Ethics- Paper 1

Ethics- Paper 1 - Thomas Arnost Intro to Ethics Professor...

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Thomas Arnost Intro to Ethics Professor Delaney February 12, 2008 Relativism vs. Absolutism The concept of “right and wrong” is a topic that will never cease to be controversial. There are innumerous approaches one can take in this debate. This paper will examine a few of the more popular points of view that exist. First, the differences between descriptive and normative ethical relativism will be explored. We will then proceed do the same for moral objectivism and moral absolutism. Then, both the strong points and fault of both normative ethical relativism and moral objectivism will be identified and critiqued. Lastly, we will examine how ethical pluralism manages to find a middle ground between normative ethical relativism and moral objectivism. Many people often find it difficult to recognize the subtle differences between descriptive ethical relativism and normative ethical relativism. Descriptive ethical relativism is a theory points to cultural differences as the reason for the discrepancies between what is considered morally just in different societies, but not does point to one or the other as being right or wrong. For example, in the article titled “Custom is King”, Herodotus discusses a people called Callatians whose men eat the bodies of their deceased fathers. Some may consider this practice to be morally reprehensible, but a descriptive relativist insists that cultural differences are the reason for this difference in point of view and refuses to acknowledge that this practice is either right or wrong. A normative realist, however, would have a different opinion on the matter. As the name would suggest, normative realists point to the norm as the factor that distinguishes right from wrong. Therefore, acts that are considered to be a norm within a society are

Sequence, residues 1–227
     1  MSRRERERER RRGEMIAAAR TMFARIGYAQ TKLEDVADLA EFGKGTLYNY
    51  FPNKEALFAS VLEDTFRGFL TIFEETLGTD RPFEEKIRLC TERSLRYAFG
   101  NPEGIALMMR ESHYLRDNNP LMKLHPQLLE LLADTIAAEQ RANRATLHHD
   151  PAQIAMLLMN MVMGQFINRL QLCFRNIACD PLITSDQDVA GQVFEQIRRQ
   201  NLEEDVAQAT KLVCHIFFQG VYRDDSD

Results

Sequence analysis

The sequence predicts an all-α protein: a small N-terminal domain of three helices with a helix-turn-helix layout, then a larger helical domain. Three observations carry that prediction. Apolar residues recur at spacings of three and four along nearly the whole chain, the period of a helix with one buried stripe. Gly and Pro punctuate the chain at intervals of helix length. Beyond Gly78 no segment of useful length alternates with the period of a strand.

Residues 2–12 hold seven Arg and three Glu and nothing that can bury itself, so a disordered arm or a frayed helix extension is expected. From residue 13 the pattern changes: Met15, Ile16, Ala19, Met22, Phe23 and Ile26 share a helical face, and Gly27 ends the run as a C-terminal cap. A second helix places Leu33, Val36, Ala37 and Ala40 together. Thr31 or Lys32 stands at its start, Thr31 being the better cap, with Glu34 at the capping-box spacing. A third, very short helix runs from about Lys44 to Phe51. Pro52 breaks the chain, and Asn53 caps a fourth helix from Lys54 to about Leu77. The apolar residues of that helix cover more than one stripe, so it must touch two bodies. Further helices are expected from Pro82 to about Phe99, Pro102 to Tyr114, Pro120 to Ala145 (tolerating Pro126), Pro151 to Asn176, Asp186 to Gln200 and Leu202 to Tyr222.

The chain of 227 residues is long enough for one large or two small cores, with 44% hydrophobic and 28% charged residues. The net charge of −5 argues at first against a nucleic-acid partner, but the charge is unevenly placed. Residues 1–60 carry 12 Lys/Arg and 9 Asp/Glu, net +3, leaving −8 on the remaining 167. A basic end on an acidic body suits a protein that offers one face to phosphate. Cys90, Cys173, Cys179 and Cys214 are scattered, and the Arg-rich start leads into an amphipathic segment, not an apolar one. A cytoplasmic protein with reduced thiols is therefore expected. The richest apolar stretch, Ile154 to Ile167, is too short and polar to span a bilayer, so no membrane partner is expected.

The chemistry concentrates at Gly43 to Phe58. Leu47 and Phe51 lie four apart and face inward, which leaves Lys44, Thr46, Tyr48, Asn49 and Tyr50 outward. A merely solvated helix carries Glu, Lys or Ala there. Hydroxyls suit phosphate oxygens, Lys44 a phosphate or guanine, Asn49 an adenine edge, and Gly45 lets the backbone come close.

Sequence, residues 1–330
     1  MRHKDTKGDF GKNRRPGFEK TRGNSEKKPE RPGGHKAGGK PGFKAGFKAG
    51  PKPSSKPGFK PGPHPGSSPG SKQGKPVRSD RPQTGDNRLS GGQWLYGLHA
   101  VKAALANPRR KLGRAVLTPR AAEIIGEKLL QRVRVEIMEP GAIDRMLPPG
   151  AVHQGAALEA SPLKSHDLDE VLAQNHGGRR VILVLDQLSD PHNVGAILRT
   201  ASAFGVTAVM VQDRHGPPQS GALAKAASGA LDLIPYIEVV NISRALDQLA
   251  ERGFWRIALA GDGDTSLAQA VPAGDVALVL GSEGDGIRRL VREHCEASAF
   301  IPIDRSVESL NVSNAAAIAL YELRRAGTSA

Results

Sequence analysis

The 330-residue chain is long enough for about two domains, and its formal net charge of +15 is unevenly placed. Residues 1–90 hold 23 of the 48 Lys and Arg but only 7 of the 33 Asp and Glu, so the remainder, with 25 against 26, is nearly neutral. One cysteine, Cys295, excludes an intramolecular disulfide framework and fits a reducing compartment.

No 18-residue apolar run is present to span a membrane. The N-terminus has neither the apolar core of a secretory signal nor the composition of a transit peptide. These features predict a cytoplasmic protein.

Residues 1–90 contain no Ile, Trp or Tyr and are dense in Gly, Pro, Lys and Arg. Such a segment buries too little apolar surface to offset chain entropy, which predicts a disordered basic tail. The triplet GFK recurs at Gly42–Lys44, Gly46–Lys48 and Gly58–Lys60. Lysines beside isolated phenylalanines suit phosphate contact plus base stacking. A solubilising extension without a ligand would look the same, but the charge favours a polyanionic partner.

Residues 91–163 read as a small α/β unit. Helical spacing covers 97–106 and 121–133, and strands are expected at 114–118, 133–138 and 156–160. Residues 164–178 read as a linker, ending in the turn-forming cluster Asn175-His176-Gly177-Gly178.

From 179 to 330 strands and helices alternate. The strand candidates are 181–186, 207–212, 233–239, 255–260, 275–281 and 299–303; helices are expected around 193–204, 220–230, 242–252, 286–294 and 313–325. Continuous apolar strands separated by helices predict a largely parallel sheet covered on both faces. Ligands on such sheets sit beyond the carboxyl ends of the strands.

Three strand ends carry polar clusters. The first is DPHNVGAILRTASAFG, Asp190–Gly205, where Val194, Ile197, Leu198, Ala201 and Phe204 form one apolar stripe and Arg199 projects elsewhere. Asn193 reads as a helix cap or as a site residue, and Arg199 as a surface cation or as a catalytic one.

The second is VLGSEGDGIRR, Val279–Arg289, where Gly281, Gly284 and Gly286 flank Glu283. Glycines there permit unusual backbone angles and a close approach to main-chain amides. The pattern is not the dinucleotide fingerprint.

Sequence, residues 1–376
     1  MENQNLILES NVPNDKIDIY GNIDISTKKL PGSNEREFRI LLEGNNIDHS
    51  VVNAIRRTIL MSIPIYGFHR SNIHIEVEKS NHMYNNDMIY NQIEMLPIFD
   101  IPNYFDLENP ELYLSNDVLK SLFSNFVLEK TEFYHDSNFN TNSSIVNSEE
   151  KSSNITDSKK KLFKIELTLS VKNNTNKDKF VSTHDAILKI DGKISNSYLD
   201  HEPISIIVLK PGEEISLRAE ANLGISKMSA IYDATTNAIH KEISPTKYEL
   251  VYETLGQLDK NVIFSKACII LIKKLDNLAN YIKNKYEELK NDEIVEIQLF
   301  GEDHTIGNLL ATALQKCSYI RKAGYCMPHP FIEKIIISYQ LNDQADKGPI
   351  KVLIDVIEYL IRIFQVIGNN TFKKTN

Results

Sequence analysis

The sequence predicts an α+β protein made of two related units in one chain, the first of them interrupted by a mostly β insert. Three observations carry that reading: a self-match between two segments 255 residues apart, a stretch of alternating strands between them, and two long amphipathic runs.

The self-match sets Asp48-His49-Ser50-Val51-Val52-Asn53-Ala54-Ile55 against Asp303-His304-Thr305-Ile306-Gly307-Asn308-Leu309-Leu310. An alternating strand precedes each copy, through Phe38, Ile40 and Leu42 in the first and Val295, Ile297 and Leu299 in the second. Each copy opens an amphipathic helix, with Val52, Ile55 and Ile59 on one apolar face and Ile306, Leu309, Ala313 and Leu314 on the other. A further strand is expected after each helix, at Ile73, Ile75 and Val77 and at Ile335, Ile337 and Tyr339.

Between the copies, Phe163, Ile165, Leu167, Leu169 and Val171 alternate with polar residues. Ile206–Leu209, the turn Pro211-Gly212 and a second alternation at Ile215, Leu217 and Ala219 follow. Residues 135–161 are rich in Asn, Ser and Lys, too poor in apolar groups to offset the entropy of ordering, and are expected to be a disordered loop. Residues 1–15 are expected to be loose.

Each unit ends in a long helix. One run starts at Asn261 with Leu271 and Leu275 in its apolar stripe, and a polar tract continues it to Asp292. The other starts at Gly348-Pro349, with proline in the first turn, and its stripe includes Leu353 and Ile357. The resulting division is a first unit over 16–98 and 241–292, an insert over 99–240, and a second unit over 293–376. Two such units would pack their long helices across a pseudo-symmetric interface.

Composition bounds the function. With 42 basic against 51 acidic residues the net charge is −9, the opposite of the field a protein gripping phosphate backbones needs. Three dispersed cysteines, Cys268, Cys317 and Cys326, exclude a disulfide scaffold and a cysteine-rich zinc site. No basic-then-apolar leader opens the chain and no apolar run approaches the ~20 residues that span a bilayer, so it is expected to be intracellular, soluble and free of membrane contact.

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considered morally justifiable acts and those that go against the norm are not. In the case of the Callatians, a normative realist would view this act as ethically permissible do to the fact that this is a common practice in that society. However, if that same act were to be
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This note was uploaded on 04/29/2008 for the course PHIL 101 taught by Professor Delaney during the Spring '08 term at Georgetown.

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Ethics- Paper 1 - Thomas Arnost Intro to Ethics Professor...

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